Aged care and religion buildings expect positive growth

Healthy outlook also for agriculture and aquaculture, health, entertainment and recreation, plus short term accommodation

Construction in aged care and religion-related buildings can expect strong uptake despite a neutral overall outlook for the non-residential construction sector, according to the spring 2015 Construction Monitor report by Australian Construction Insights (ACI).

The short term outlook is reasonably healthy for agricultural and aquaculture buildings, health, entertainment and recreation, and short term accommodation. Warehouses, factories and other secondary production buildings can expect a neutral performance in the short term, while retail, offices and transport buildings will weaken.

Aged care buildings in particular are seeing excellent growth, benefiting from a “demographic wave” leading to a strong pipeline of work likely to be sustained. The value of work yet to be done in this category of building was worth $1.29 billion at the end of the March 2015 quarter.

Religion buildings are a surprising new category seeing strength, with approved work up 27.4% in June compared to the same time last year, plus a $108.4 million pipeline from the end of March 2015 – a relatively strong pipeline for religion buildings.

Though representing a smaller sector, agricultural and aquaculture buildings are seeing strong growth, with work more than doubling (up by 183.5 per cent) the values recorded in the 2014 June quarter.

Meanwhile ABS Building Approvals, along with and Housing Industry Association/ACI New Home Sales have signalled further healthy new residential construction activity for 2015/16, resulting in four years of consecutive growth.

In a state by state analysis, the ACI Construction Monitor report indicates that New South Wales, Victoria, the Northern Territory and surprisingly Tasmania are prospering, with strong levels of non-residential construction, while Queensland, Western Australia, South Australia and the Australian Capital Territory are experiencing lower levels of activity than previous years.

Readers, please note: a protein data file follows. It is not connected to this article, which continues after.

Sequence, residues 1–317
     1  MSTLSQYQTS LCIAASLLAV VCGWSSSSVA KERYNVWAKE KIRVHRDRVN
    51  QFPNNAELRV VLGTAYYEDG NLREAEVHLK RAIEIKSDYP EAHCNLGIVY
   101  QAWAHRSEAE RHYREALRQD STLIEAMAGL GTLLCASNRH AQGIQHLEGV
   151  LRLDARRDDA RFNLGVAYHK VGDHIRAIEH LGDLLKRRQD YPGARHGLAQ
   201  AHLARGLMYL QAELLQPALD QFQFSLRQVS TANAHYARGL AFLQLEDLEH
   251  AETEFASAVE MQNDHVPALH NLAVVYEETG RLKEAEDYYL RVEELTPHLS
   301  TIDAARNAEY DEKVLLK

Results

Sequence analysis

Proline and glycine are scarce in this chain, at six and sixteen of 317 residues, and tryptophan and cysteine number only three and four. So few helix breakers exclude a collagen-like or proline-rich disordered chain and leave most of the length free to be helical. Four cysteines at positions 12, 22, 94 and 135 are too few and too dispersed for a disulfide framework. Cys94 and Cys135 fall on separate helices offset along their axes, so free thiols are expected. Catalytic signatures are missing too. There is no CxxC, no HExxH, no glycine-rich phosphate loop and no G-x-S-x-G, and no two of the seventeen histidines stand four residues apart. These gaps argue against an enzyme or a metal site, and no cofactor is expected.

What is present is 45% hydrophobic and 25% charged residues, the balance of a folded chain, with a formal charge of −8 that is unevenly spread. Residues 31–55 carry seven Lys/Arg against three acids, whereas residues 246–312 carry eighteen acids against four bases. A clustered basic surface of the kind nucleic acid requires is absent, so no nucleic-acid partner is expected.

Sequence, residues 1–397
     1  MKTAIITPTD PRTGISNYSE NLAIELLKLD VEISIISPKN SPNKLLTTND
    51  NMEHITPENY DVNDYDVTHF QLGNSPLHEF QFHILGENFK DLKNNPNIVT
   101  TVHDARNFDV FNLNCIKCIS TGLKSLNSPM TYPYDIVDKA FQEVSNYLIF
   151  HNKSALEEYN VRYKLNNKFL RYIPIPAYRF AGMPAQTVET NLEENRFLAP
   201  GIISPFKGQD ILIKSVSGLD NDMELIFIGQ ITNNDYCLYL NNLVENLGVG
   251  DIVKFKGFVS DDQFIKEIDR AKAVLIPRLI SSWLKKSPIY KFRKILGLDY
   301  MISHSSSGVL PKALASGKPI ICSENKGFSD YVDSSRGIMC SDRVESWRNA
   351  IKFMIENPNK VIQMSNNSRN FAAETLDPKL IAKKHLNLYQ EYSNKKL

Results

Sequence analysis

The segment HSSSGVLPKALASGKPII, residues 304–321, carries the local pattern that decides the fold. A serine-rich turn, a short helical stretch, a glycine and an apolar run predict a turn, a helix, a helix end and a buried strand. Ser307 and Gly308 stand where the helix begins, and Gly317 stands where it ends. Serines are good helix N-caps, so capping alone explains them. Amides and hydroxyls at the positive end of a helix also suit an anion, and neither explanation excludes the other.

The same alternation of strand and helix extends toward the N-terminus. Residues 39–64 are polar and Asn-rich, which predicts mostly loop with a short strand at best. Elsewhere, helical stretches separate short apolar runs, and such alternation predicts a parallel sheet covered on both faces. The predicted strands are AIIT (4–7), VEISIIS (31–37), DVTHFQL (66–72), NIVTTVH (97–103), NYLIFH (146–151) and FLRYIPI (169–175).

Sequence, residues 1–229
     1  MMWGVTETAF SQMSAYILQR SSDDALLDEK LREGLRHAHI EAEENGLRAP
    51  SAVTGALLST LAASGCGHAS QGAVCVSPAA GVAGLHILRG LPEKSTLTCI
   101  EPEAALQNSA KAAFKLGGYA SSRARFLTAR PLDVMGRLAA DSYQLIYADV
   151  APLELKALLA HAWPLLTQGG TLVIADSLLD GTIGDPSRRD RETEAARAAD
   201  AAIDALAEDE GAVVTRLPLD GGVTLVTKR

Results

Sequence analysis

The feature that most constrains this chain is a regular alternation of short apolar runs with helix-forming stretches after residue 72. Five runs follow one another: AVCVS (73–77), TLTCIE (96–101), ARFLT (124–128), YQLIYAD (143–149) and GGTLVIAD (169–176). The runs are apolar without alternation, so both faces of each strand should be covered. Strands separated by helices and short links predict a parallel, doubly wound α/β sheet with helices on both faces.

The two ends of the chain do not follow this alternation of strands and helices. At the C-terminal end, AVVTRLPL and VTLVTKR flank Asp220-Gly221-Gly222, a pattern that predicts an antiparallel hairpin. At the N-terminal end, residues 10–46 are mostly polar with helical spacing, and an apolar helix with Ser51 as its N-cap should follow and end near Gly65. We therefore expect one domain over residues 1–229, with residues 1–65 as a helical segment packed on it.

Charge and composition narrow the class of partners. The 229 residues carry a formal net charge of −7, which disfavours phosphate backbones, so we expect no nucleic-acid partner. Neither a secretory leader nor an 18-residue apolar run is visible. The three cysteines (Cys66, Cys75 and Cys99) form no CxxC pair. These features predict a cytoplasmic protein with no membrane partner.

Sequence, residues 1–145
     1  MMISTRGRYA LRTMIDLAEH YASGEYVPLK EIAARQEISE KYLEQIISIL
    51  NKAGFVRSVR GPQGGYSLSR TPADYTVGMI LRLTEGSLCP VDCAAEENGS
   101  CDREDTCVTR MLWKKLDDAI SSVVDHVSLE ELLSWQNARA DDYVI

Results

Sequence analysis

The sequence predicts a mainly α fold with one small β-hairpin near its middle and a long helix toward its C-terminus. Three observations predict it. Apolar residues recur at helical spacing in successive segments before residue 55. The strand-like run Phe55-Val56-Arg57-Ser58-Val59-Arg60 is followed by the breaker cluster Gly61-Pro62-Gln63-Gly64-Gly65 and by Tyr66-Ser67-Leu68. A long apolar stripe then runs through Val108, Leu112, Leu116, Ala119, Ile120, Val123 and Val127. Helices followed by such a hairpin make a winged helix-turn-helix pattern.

“In terms of geography, the latest state rankings appear to have adopted the social order of an old world manor house, with a clear demarcation between upstairs and downstairs,” said ACI Economist, Geordan Murray.

“New South Wales, Victoria, Tasmania and the Northern Territory are enjoying the prosperity upstairs, while Queensland, Western Australia, South Australia and the Australian Capital Territory are living rough downstairs.”

On Tasmania’s new uptake in non-residential activity now narrowly ahead of NSW’s and sitting next to Vic and the NT, Murray said time will tell whether this is “is just a flash in the pan or the beginning of a sustained recovery”.

The ongoing strength of the two largest states is the most economically significant development, as both states are marked as having a strengthening non-residential construction outlook.

“While the outright rankings of NSW and Vic are arguably skewed by the volatility of activity in the minnow jurisdictions, non-residential construction conditions in both states improved when compared to the winter 2015 Construction Monitor,” said Murray.

Meanwhile, construction work associated with the mining sector continues to ease back from the peak.

“This took a toll on WA’s ranking which slipped to last place in this edition,” said Murray.

“While there is still a large amount of construction activity occurring in WA at present, it is well down on the levels the state had become accustomed to over the last few years.”